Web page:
Gary James' Interview With Chris Squire Of
It could be said that there is not another band in Progressive Rock history who has stayed at the top of its game 38 years after their beginning like Yes.
To celebrate the group's long standing career and contribution to the music world, Eagle Eye Media, the wholly-owned subsidiary of Eagle Rock Entertainment, released the DVD "Yes Live At Montreux 2003".
To talk to us about Yes is group member Chris Squire, a man who wrote the book on Progressive Rock.
Q - Chris, I'm actually old enough to remember hearing Yes on AM radio in 1972.
A - Wow! They were probably playing "Roundabout".
Q - Exactly. And you were touring the States.
A - Yeah.
Q - Did you ever think the band would receive that AM radio airplay and that the band would be playing decades later?
A - Obviously not. Around the '60s it was the period of The Beatles' success. It was '63 and they broke up in '69 or something. That was like a 6 year career. To me, being a young guy at that time, 6 years! Wow! That's a real long time for the band to be together. And of course when we formed Yes in '68, there's a possibility that we'll be touring next year for our 40th anniversary. Who would've thought that? I would never have thought that there's a 40 year long career in one band.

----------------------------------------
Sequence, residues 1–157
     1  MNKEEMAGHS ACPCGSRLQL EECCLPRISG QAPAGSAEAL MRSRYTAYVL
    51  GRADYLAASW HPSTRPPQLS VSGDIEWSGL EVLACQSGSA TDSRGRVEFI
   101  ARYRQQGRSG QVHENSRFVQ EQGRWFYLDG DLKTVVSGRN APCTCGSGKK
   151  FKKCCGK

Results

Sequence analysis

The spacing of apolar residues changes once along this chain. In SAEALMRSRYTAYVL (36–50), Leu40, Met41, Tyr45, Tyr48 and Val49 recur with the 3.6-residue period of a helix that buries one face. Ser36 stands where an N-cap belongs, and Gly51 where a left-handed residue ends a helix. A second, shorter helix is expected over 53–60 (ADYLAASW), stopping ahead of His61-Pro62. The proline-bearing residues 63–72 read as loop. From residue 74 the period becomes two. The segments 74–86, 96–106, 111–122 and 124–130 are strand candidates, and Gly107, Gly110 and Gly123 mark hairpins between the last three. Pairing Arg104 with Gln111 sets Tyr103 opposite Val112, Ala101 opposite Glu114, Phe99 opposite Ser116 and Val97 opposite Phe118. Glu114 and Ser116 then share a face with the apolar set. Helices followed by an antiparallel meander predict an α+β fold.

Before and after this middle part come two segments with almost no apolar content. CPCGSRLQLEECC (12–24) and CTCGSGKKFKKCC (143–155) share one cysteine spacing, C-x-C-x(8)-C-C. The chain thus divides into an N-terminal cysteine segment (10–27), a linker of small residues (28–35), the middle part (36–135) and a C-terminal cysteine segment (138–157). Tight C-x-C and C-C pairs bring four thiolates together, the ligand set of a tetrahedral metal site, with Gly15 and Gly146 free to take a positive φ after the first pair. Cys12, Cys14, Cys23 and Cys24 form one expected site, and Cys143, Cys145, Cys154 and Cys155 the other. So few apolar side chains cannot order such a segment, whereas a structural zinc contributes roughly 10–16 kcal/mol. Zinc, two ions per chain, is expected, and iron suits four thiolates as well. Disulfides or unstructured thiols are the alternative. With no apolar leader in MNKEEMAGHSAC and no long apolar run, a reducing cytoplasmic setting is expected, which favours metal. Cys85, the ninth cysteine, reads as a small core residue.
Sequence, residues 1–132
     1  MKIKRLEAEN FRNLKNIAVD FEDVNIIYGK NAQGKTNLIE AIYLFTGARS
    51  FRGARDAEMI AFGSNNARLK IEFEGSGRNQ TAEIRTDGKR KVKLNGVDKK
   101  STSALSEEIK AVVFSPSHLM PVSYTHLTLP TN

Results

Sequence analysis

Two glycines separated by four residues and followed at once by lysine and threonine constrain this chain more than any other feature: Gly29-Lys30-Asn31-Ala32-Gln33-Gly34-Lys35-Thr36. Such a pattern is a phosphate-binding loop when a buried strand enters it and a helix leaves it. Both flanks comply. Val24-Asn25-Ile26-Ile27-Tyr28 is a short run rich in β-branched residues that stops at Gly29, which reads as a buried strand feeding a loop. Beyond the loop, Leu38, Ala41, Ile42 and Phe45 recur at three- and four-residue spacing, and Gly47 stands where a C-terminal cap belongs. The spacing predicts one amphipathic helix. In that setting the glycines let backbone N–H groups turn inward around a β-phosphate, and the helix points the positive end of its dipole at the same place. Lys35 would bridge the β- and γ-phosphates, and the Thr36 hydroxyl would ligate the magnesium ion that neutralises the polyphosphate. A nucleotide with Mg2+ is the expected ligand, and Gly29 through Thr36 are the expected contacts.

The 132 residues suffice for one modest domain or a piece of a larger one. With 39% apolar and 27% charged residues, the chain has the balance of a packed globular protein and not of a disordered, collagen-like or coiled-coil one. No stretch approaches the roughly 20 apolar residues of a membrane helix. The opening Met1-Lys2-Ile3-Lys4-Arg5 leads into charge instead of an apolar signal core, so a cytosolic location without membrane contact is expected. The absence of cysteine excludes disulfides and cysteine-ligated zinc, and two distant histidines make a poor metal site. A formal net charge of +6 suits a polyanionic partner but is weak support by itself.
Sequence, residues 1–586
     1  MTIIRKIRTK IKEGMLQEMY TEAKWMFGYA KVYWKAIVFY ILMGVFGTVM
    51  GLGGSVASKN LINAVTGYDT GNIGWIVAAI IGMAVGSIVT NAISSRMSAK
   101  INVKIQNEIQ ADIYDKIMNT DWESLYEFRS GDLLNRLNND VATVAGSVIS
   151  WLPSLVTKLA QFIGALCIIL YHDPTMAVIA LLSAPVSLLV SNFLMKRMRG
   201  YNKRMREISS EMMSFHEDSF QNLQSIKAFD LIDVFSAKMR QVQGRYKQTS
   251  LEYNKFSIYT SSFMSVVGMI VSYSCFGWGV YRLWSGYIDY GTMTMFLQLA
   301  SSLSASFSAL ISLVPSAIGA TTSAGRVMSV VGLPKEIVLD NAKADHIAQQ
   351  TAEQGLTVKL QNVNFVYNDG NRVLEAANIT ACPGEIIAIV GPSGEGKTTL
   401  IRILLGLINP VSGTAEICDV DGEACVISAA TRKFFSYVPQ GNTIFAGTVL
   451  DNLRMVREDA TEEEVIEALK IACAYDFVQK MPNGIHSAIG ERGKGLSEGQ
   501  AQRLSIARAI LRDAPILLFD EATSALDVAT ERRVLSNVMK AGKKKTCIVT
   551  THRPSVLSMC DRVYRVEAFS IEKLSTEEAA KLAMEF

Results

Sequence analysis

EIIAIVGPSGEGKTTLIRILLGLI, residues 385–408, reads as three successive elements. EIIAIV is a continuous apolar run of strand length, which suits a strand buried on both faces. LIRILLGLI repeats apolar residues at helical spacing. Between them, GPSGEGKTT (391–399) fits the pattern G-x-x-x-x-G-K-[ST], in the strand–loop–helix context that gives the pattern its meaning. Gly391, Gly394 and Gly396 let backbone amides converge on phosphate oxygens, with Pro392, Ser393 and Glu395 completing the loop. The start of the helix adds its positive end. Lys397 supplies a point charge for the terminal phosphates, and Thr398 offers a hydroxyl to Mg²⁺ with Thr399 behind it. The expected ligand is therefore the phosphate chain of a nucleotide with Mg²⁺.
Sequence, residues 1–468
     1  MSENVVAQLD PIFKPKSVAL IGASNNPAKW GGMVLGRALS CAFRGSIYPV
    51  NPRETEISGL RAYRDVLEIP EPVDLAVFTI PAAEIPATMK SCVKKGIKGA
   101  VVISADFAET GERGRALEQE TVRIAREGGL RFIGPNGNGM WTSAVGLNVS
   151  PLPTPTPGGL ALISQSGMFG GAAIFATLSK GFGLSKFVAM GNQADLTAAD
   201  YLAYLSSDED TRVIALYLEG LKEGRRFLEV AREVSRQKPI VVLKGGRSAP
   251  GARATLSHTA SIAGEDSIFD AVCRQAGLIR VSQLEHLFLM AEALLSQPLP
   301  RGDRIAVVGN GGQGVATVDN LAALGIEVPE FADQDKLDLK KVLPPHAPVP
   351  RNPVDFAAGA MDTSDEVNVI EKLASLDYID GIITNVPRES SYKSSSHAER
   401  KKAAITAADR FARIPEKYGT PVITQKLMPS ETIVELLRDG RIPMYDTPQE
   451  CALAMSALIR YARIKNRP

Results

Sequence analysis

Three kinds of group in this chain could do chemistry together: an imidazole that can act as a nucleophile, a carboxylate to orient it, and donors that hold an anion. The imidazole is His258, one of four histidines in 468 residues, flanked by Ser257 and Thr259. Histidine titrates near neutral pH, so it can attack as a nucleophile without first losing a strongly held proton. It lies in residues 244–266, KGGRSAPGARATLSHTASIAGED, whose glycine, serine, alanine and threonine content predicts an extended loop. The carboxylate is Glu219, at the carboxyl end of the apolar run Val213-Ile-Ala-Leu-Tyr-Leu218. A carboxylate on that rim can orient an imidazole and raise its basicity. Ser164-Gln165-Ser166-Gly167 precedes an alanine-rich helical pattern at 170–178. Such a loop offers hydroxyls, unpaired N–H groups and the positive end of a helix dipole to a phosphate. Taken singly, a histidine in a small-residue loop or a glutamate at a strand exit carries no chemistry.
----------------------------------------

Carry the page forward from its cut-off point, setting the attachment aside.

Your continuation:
Q - How long did you think you'd have in the band? A couple of years?
A - Well, yeah. Like I said, I thought The Beatles career, which was 6 or 7 years, seemed to me like a real long time.
Q - Did you think to yourself after, I'm through with this band. I'll move onto something else? And did you know what that something else would be?
A - No. I didn't know what that was or what it might have been. I was pretty convinced that being a musician had kind of come to fruition for me. I guess I always knew I'd be involved in music, maybe possibly I'll be a producer. But, I didn't think, oh well, I'm gonna do this and then I'm gonna go work on Wall Street. (laughs) I just didn't have any aspirations to do anything else.
Q - Since you were at the right place at the right time, did you experience the "British Invasion" up close?
A - I didn't actually ever see The Beatles, but I did see The Stones when I was about 14 years old in Guilford Surrey, which is a medium sized town South of London. I remember going with a buddy of mine and being packed into this real little club and seeing The Stones. It was very exciting. I actually did get Bill Wyman's autograph.